International Covid-19 news: More research to understand virus, Nigeria clamps down on 'hotspot' Kano

2020-05-18 20:38
(Rohan Thomson/Getty Images)

(Rohan Thomson/Getty Images)

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AFP reports that patients recovering from severe lung infections develop "immunological scars" that stifle their body's immune response and heighten their risk of contracting pneumonia, a common killer of Covid-19 sufferers, researchers said Monday.

Studies in both humans and mice showed that the body's immune response is temporarily switched off after some severe infections, rendering patients more vulnerable to new bacterial or viral diseases.

A team of researchers from the University of Melbourne's Peter Doherty Institute for Infection and Immunity and the University Hospital of Nantes found that the cells that form the immune system's first line of defence - macrophages - were "paralysed" after severe infection.

Macrophages neutralise bacteria and raise an internal alarm that sends immune cells rushing to the site of infection.

Once the threat is taken care of, the macrophages down tools and the body goes back to running as normal.

But by analysing blood samples from patients who had suffered severe infections, researchers found that their macrophages had been deactivated.

This left patients at greater risk of contracting potentially fatal secondary infections such as pneumonia while in hospital.

The team said their findings could influence how hospital infections are treated - including rethinking the systematic use of antibiotics, to which super bugs are increasingly resistant.

The research may have significant implications on how Covid-19 cases are treated in future.

Most Covid-19 deaths occur due to a cytokine storm - a process whereby the body's own immune response runs wild causing acute and often fatal inflammation.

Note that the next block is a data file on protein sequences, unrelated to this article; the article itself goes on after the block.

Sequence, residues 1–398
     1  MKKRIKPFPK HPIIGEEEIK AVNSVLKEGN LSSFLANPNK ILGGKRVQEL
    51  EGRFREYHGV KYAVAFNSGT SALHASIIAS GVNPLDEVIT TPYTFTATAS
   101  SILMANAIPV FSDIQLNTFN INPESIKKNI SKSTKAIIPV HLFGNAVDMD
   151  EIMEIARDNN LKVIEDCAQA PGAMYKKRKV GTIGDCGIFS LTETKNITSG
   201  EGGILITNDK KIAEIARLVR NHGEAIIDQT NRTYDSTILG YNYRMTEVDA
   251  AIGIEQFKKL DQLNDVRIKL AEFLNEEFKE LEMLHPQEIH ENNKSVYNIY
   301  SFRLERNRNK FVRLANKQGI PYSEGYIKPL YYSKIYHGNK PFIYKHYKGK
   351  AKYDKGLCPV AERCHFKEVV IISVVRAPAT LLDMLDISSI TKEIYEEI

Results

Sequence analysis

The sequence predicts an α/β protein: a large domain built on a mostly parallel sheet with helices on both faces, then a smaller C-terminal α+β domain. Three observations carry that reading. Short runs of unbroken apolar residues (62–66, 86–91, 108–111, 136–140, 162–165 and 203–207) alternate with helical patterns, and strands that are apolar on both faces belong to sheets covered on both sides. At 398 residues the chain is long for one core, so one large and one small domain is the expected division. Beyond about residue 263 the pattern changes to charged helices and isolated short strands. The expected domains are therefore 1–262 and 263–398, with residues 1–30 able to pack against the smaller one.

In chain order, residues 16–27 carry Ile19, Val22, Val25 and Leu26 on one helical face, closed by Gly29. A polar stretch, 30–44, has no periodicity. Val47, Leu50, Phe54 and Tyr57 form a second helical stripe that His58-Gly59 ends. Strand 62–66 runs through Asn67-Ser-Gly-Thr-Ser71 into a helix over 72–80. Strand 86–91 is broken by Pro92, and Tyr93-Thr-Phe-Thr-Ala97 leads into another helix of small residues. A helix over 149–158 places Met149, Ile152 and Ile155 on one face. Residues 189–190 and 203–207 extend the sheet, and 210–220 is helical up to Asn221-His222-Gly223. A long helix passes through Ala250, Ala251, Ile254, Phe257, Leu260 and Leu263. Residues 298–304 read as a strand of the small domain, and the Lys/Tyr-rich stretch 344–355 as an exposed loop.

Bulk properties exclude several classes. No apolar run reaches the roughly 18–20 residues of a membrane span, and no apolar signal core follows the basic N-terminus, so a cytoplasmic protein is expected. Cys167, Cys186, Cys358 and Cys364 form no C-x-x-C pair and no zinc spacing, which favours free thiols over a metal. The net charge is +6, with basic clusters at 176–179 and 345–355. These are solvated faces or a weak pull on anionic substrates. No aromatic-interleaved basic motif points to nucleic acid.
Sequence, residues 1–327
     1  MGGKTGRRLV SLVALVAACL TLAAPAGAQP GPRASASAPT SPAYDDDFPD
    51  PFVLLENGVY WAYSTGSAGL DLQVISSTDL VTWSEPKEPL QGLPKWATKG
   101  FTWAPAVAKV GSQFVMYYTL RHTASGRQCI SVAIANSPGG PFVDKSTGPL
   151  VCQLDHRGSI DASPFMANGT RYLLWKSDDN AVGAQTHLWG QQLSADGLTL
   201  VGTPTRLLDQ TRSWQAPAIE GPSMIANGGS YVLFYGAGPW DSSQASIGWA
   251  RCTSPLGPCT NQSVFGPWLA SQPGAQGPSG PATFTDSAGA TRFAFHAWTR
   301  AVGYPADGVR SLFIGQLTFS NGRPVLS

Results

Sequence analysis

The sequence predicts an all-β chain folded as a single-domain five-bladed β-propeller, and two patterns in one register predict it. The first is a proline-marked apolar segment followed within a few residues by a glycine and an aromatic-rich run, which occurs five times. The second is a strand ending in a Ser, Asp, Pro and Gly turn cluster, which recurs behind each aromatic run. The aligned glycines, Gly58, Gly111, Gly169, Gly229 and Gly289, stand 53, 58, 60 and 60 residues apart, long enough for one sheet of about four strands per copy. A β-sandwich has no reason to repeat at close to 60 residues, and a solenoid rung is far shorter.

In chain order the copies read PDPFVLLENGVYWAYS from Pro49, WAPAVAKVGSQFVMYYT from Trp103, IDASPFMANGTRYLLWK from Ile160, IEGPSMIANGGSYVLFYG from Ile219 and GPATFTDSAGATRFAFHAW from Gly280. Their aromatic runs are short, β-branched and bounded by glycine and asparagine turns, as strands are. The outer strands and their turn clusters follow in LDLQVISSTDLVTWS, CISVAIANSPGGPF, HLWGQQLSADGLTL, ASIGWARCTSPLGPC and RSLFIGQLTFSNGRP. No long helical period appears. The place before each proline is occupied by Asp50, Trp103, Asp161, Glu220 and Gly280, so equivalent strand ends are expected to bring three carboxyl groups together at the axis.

Nigeria to keep 'hotspot' Kano under lockdown for longer

Nigeria's government on Monday extended a coronavirus lockdown on the northern region of Kano after it became a hotspot for new infections, AFP reports.

The head of the country's coronavirus taskforce, Boss Mustapha, said the lockdown on the economic hub - which includes Kano - would be prolonged for two weeks.

The authorities will also start to impose "precision" lockdowns in any other areas that report a "rapidly increasing number of cases, when the need arises", he said.

The outbreak in Kano has become a major cause of concern after medics and residents last month began reporting a spike in deaths.

Nigeria has confirmed 5 959 infections and 182 deaths from the novel coronavirus across the country as of Monday.

Kano is the second hardest hit region with 825 confirmed cases and 36 fatalities.

Denmark to offer testing kits to all adults

Denmark said on Monday it would offer all adults the chance to be tested for the new coronavirus, including those who have no symptoms, as the country recorded its smallest rise in cases in two months, AFP reports.

Until now, only those with symptoms could be tested, once they had received the green light from their doctor.

On Monday, the country registered 41 new cases, the smallest increase since mid-March, bringing the total number to 11 166.

"We've brought the infection rate down to a very low level. It's imperative that there be no hidden pockets of infection that could cause the spread of the virus to increase," Health Minister Magnus Heunicke said.

The test being offered detects an active case of the virus, and is not an antibody test that determines whether a person has been infected at some point.

After announcing strict measures to curb the virus on 11 March, the Scandinavian country was the first in Europe to reopen nursery and primary schools on 15 April. 

Since then, a number of restrictions have been eased, including the reopening of hair salons, dentists' practices and tattoo parlours, as well as shopping centres and department stores.

On Monday, cafes, bars and restaurants reopened.


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